News Blog Articles If elected, National and ACT will bring back the cruel live export trade
If elected, National and ACT will bring back the cruel live export trade

If elected, National and ACT will bring back the cruel live export trade

September 1st, 2023

In 2021, the Government announced it would phase out the export of cattle, sheep, deer and goats. On 30 April 2023, live export by sea was officially prohibited in New Zealand.

Decades of evidence has indicated that animals suffer in the live export trade. In their review of the live export trade in 2013, animal welfare scientists Dr Clive Phillips and Dr Eduardo Santurtun stated, “There are significant risks to the welfare of livestock caused by transporting them in ships, especially over long distances”.

In 2019, ABC News in Australia reported that 5,000 New Zealand and Australian cattle were suffering in Sri Lanka. About 500 had to be euthanised. This prompted the New Zealand Government to review the live export trade.

During this review period, in 2020 the Gulf Livestock 1 sank in the East China Sea. 41 crew lost their lives, including two New Zealanders, and 5,867 cattle drowned.

The National Animal Welfare Advisory Committee recommended a ban on live export by sea, which was supported by animal welfare experts at SAFE, SPCA, World Animal Protection and many others.


Risks to animal welfare

Prior to the 2023 ban on live animal export by sea, animals were made to endure rough seas, injuries, and prolonged periods standing in their own excrement during transportation.

Transport by sea exposes animals to prolonged floor motion. Research in sheep has found that the animals demonstrate both behavioural and physiological signs that such movement causes stress.

Another study found that floor motion decreased rumination and lying time, and increased aggression and stress behaviour.


Treatment of animals in destination countries

Not only are there health and welfare concerns during transport, but the welfare and treatment of the animals once they arrive at their destination are likely to be worse than their treatment in New Zealand.

Animals were often shipped to countries with low or no animal welfare legislation. Former Chair of the National Animal Welfare Advisory Committee (NAWAC), Dr John Hellstrom, stated that:

“The reality is they are mainly going to large feedlot operations, where there is high mortality and poor fertility. The way they treat bobby calves shouldn’t be mentioned in public, and they don’t have any significant welfare protocols for transport or slaughter.”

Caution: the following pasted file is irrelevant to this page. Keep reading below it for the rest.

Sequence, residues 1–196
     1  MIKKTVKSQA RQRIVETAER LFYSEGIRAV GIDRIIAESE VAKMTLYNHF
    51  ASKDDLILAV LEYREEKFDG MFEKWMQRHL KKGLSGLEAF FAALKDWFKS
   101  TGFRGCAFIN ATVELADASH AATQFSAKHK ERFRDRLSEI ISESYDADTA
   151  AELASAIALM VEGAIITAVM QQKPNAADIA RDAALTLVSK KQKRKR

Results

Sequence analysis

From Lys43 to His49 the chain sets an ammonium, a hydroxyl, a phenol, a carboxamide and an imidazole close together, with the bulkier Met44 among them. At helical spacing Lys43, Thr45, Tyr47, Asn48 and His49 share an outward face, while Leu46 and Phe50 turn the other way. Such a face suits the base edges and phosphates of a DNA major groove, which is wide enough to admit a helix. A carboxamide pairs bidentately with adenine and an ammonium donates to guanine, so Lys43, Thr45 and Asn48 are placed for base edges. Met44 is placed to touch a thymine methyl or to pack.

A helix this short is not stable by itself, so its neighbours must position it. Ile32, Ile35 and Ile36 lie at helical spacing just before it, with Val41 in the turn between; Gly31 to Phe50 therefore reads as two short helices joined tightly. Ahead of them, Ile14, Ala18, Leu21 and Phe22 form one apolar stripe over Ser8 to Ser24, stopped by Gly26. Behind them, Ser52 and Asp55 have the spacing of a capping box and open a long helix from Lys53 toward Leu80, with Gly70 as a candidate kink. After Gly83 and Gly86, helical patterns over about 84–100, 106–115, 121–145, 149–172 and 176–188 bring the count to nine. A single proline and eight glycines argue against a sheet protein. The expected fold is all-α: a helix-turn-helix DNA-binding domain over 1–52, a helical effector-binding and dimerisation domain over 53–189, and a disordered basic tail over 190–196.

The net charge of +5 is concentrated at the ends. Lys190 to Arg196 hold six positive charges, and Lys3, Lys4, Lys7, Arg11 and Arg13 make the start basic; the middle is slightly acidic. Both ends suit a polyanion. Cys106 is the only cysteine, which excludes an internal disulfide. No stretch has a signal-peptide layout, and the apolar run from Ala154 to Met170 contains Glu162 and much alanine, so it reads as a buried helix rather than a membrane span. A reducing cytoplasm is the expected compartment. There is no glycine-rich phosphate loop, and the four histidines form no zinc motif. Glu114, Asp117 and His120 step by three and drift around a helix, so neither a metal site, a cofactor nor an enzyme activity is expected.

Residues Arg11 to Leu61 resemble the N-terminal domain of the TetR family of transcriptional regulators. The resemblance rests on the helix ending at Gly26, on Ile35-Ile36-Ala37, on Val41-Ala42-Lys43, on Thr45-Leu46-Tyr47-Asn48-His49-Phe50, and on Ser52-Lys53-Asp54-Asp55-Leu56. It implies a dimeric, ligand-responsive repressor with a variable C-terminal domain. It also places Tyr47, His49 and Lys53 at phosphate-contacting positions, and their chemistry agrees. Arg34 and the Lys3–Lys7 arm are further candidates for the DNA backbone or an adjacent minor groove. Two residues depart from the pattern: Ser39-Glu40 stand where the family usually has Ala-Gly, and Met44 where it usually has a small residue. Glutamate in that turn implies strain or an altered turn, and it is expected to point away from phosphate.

There is no way for New Zealand authorities to ensure animals are being farmed and slaughtered overseas in accordance with New Zealand’s law. We cannot impose our animal welfare laws on other countries, just as other countries cannot impose their laws on us.


The economic impact of live export

In 2019 the live export industry made up a very small proportion of primary production in value. At the time, the total live export industry contributed only 0.51% to all primary production income and only 0.78% of the value of animal product exports. Live exports by sea only made up 23% of the industry.

Although livestock (cattle, goats, sheep and deer) are perhaps the most visible animals exported, chickens make up the majority of animals exported, with 2.1 million exported by air in 2019.


International reputation

Several countries are already following in New Zealand’s footsteps by also moving away from live animal exports due to the significant animal welfare concerns associated with this practice. Australia, Luxembourg, Brazil, and the European Union are all considering or have taken steps to phase out live animal exports, with high levels of public support for such measures.

Animal welfare standards have also been given consideration during Free Trade Agreement negotiations with the United Kingdom and the European Union.


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